I haz a sick

I have a chronic illness that flares up from time to time. If you’re a personal friend*, you probably know what it is; if you aren’t, you don’t need to. It’s not life-threatening, or even painful, but it’s capable of knocking me down to about 30% of operating capacity for days at a time. There’s medicine that helps — sometimes — and things I can do to minimize the chances of a flareup — sometimes. The body is a complex system affected in many ways by many things, and there’s no easy if-X-then-Y with this one.

(The main reason I’m not saying what it is isn’t because I’m terribly private, or that it’s terribly disgusting, but because people feel compelled, when hearing of another’s illness, to either share their own stories of much worse suffering or else suggest this new medicine or diet or asana that worked wonders for their sister-in-law who had the exact same thing, really! Neither of these are lines of discourse that most sick people are at home to. Although it does motivate us to get our strength back, so we can pop you one.)

Part of my New Year’s resolutions last week was to get better. To heal myself. Not physically, because I can’t do that, but to reconcile my body and my mind and my responsibilities and my relationships so that I don’t make things any worse than they have to be. I recently finished Loretta Lynn’s second autobiography, Still Woman Enough, and one line jumped out for its pure simplicity and sense: “I do not believe in pain if there is any way around it.” A woman who has had as much pain in her life as Loretta Lynn damn well knows what she’s talking about, and damn well knows that pain does not ennoble. We’ll be talking about Ms. Lynn — and about Tina Turner, too — a bit later.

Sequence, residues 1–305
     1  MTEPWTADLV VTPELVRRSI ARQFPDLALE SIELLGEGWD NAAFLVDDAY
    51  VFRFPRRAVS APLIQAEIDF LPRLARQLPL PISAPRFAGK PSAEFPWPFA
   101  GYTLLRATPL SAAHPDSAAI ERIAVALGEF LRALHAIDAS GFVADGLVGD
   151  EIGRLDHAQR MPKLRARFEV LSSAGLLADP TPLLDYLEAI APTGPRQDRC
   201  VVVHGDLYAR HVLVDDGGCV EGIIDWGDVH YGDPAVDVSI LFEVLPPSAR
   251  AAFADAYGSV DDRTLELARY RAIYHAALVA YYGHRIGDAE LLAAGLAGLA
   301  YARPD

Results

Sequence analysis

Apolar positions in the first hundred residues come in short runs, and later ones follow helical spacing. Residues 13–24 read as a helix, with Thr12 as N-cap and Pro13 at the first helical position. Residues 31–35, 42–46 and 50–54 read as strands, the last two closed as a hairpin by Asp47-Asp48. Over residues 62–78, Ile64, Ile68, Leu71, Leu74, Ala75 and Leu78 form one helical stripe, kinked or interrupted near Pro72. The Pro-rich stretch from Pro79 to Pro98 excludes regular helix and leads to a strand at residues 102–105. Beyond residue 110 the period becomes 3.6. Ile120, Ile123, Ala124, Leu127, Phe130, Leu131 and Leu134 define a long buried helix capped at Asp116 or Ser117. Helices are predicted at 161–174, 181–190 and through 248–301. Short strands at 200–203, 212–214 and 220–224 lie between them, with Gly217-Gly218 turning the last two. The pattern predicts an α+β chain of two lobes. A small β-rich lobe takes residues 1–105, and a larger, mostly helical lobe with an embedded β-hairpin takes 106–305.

I wasn’t intending to spend my New Year’s energy on that project, but guess what, the Days of Awe this year turned into the Days of Aw Crap, It’s Back Again. If the days between Rosh Hashanah and Yom Kippur are like a dangerous ocean voyage, the good Lord decreed that I was going to spend most of my time in sickbay. So I figured, okay, that’s my challenge for this year. It wasn’t what I’d planned to focus on, but you can’t order up life lessons like they’re adult-ed seminars. God don’t run no JuCo.

Anyway, here are my resolutions:

1. Don’t use my illness as an excuse to get out of doing things that I really can do, and that would be good for me, but that I just don’t want to do. Sometimes I will bail out on things when I’m sick because I’m embarrassed to compromise. I don’t want to call a friend and say, “I can’t make our dinner date tonight because I don’t feel well, but I’d love to see you–could you come over for a quick after-work cup of tea instead?” It’s easier to pretend that “something came up” and I need to reschedule entirely. I feel weird going to the gym and only working out for 15 minutes. It’s easier not to go at all. But hey, my friends love and accept me, and I’m sure everyone at the gym is paying attention to their own workouts and not timing mine.